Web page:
Many of us throughout the Archdiocese are tired of hearing the Metropolitan complain about 'liturgical disunity' because some of us find it pastorally beneficial to insert Scriptural verses between the antiphons at the liturgy. By doing so (and adding about 30 seconds to the Divine Liturgy service), the Metropolitan claims that we are creating liturgical disunity or diversity in the Archdiocese. My question is, are not some of his edicts (like edicts dealing with having a full liturgical cycle) of more importance? Why do we only hear about the edicts not being followed by those he does not know? We never hear him complain about parishes not offering the full cycle of services, and the vast majority of these parishes are either in his diocese or the priest is an old friend of Sayidna. Again, this is my 'beef' with the issue. I'm not trying to judge you or Fr Thomas or anyone else. I'm simply asking questions and making points.
To address some of the issues you raised: I have never said, nor do I think, that those who attend Vespers every Saturday evening are better Orthodox Christians than those who do not or cannot. In fact, I find it completely distracting and irrelevant to compare myself to any other person or Christian. With that in mind, I do know (and certainly the Church teaches) that I personally benefit from my regular attendance at divine services.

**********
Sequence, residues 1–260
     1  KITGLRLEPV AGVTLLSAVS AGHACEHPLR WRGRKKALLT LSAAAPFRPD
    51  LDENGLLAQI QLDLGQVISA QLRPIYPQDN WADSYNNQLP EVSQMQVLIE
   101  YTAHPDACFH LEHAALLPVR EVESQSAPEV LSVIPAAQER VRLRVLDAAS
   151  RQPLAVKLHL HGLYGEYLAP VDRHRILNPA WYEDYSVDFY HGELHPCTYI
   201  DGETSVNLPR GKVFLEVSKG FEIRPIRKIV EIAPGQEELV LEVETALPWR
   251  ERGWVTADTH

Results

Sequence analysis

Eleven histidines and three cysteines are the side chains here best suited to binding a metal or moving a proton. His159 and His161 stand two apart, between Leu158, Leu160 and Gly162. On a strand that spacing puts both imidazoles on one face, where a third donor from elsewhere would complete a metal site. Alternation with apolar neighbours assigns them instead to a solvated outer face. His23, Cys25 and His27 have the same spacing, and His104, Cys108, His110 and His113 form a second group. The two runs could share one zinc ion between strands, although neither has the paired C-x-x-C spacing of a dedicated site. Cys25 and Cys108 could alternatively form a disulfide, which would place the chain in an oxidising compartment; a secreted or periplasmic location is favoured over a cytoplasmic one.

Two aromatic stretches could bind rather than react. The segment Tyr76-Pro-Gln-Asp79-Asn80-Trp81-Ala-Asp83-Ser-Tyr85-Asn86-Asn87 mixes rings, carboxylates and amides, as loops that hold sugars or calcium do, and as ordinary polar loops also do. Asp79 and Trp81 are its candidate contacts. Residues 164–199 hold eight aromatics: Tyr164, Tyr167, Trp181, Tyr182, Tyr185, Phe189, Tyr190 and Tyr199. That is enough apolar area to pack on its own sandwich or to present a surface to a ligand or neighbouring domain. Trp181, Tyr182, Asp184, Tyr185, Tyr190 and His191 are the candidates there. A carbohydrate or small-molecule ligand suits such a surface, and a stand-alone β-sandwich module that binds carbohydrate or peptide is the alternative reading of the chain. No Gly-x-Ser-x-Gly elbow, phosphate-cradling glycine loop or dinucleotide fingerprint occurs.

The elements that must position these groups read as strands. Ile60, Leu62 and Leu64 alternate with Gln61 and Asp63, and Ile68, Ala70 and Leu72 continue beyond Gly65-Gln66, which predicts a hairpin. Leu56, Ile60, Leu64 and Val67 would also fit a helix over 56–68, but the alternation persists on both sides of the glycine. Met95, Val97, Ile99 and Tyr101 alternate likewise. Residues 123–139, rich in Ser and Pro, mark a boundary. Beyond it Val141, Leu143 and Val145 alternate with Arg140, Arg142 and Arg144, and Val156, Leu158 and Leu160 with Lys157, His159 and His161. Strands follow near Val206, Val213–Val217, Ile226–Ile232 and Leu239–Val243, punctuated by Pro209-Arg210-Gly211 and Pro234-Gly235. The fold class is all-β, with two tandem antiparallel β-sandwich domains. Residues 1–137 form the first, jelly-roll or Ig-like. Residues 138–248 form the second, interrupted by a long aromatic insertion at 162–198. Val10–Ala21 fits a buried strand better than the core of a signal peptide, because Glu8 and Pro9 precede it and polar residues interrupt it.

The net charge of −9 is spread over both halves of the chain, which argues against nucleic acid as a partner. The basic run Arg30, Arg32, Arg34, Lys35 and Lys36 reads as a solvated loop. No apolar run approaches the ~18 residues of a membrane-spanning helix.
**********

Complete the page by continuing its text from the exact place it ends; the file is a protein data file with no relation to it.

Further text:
#7.1 An East Coast Priest on 2009-04-07 10:30
There are many instances of unusual "economia" in the Antiochean Archdiocese we have served. We know of first cousin marraiges, funerals in Church with cremation intended, non Christian witnesses (sponsors) for Baptisms and Weddings. It's Okay if you can influence the Metropolitan or some Priest looking for an exception.It about tore up our parish in the past. Just get your Order of St Ignatius members out in front when the leader arrives.
#7.1.1 Anonymous Ladies Guild Officer on 2009-04-07 14:41
I have just read through these responses and am amazed at the time and effort afforded matters of liturgical practice and not a whisper about the scandelous charge of communing Muslims at the Antiochian House of Study and allowing the non-baptized to receive if they are the spouse of an Orthodox Christian?
If there is even a shred of evidence to support such charges...well let's just say liturgical abnormalities and Philip's conduct regarding the structuring of the Archdiocese seem inconsequential.
I notice no one disputed the charge and if it is true every Orthodox believer in the AOC should flee the Jurisdiction if such activity is not immediately corrected.
(Editor's note: That is a bit dramatic, don't you think? How about the issue is openly discussed, first, and then people make a decision on what they need to do, if anything. )
#8 Kevin on 2009-04-07 08:04
I have to agree, that the communing of unbaptized Muslims constitutes a most serious breach of Church order. It shows lack of understanding of the very essence of the Church and Her Sacraments, a disdain for the Holy Mysteries, a betrayal of the Faith...and for what? Not guarding the chalice in this way constitutes grounds for deposition from the priesthood.